She adds that other researchers have previously documented that people who regularly use a sauna have lower core temperatures. Since the winter swimmer participants also used a sauna, she and Susanna Søberg think that their findings result from winter swimmers adapting to both the hot sauna and the cold water.
“We think that the winter swimmers adapt to the sauna heat by emitting more heat from the skin. However, since they also regularly immerse themselves in very cold water during the same visit, they have to use more energy than the controls to compensate for the extra heat loss from the skin and thereby use more energy than the control group,” says Camilla Schéele.
Possible weight-loss strategy
Camilla Schéele thinks these results add perspectives to the research on obesity, diabetes and other conditions since active brown fat is associated with a lower risk of developing metabolic diseases.
“Brown fat has been described as being healthy in terms of increasing metabolic rate and insulin sensitivity. A large retrospective study of brown fat activity measured by PET scanning showed that people with more brown fat activity had better cardiovascular health. Due to the fat-burning capacity of brown fat, many studies are examining whether accumulating brown fat could counteract obesity. We are very interested in further understanding the relationship between temperature regulation and metabolism among humans,” explains Camilla Schéele.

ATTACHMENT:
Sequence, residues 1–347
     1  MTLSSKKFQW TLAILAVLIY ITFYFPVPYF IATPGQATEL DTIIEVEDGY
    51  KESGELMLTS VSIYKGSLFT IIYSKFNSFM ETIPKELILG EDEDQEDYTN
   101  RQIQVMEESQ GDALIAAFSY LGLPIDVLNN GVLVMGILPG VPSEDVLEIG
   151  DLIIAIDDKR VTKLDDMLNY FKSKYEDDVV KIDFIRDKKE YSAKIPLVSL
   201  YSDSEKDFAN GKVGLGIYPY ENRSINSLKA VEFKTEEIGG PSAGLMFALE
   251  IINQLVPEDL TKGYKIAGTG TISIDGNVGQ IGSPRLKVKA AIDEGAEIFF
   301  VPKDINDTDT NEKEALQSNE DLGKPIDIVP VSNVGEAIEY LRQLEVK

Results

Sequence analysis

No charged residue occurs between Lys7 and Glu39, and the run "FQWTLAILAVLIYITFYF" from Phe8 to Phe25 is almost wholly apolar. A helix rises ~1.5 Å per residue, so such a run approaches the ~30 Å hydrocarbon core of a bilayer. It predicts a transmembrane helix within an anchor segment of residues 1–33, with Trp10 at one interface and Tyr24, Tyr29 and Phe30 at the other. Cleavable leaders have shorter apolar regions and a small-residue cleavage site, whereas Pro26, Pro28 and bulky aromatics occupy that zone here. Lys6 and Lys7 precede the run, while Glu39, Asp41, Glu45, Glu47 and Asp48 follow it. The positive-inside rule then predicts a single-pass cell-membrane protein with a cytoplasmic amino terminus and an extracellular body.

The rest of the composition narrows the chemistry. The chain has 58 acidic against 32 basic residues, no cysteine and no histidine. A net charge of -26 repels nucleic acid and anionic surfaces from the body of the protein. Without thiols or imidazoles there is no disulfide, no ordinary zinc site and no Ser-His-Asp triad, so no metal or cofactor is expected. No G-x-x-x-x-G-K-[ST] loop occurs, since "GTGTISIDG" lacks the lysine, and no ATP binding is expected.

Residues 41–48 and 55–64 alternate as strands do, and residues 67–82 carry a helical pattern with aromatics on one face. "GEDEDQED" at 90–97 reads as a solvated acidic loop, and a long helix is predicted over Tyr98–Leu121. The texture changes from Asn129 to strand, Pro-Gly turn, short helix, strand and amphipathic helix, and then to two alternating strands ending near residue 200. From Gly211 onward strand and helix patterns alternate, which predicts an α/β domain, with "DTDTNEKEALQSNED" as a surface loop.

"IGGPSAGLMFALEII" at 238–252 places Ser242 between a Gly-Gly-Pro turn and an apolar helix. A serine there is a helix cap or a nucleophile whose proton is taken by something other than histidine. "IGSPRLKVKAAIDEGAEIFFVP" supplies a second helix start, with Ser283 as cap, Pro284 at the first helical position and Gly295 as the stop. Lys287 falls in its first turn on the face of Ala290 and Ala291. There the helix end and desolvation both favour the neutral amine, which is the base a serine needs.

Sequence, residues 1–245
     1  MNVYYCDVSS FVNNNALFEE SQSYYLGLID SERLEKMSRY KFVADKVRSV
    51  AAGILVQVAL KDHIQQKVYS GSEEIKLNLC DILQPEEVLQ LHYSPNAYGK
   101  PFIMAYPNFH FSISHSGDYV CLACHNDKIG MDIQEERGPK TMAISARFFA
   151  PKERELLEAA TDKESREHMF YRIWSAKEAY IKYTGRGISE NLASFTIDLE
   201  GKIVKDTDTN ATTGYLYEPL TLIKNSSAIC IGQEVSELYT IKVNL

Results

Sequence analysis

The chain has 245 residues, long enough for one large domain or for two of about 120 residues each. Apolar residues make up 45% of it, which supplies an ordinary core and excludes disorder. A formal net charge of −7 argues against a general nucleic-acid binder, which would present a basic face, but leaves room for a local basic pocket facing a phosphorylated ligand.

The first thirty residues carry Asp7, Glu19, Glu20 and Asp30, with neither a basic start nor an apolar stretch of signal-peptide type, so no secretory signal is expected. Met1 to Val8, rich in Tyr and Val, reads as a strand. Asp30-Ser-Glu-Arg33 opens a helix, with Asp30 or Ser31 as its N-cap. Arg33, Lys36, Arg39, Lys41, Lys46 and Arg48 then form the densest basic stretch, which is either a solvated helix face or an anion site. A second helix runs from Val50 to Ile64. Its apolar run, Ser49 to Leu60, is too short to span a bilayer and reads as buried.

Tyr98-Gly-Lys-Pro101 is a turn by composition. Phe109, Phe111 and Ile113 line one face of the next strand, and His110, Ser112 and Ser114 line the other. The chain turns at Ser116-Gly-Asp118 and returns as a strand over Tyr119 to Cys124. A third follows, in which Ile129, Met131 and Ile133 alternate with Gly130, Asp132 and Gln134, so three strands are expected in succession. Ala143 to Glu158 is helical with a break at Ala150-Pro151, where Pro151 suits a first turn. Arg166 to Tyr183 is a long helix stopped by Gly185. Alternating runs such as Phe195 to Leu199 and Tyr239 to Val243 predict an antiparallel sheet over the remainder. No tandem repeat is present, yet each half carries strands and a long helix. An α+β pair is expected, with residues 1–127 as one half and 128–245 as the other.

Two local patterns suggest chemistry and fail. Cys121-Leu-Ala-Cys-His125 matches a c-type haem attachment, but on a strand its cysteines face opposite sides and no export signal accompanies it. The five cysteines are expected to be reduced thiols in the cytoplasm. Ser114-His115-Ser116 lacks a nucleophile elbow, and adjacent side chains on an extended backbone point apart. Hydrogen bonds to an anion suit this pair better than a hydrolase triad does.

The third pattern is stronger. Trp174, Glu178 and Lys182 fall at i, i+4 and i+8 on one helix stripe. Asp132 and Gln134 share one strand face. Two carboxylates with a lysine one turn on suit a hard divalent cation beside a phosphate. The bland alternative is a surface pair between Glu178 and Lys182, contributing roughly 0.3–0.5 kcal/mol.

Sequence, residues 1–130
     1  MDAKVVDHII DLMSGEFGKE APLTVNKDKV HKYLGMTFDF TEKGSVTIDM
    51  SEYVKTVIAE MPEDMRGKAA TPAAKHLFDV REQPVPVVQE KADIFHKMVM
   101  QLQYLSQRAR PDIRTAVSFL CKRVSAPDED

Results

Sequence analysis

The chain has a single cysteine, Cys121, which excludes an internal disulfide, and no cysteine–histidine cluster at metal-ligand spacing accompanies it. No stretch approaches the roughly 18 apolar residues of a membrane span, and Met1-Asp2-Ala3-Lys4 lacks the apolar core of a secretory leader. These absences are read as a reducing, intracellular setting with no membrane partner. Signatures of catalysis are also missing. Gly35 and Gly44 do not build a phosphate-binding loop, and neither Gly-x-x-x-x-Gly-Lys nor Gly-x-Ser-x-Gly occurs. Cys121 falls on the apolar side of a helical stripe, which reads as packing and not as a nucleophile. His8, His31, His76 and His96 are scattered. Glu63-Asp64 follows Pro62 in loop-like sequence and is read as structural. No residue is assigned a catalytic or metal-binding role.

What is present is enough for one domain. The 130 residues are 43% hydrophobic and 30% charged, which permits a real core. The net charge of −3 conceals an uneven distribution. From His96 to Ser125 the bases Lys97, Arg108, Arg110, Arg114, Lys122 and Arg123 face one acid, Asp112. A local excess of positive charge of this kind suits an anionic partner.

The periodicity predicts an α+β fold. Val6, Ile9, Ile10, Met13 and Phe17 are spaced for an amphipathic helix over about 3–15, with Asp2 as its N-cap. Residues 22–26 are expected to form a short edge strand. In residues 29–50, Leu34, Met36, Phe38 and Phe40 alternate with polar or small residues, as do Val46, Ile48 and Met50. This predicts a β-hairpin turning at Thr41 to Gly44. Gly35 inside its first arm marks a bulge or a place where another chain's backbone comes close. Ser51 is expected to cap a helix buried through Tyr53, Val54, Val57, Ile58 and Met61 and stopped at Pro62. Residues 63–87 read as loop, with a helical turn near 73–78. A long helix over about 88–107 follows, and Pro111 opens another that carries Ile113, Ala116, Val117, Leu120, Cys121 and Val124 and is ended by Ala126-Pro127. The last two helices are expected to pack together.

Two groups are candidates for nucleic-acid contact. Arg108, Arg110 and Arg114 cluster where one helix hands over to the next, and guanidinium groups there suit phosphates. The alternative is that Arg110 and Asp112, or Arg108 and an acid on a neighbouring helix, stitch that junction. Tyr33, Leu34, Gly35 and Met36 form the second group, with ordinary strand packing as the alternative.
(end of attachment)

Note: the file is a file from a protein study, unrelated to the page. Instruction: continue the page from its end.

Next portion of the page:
“This study examined young healthy men who still have brown fat. We show that similar people may be able to expend more energy by taking a winter swim and using a sauna – but we cannot yet say that this strategy actually counteracts obesity. Further research is needed to determine this based on other types of participants. We are going to pursue this ourselves, since we have just completed a study with overweight people who have been winter swimmers for one season. We have not yet analysed the data and firm conclusions are premature. But we hope that the study will enable us to conclude whether winter swimming can lead to improved health, including weight loss and improved glucose tolerance,” says Camilla Schéele, who emphasises that the current study calls for much more research since it included few participants.
“The small number of participants, the absence of women and the inability of the study design to directly show the relationships between winter swimming, temperature regulation and brown fat are all limitations we have had to bear in mind in interpreting our data. For example, we cannot conclude anything about the extent to which genetics and lifestyle factors influenced the results,” concludes Camilla Schéele.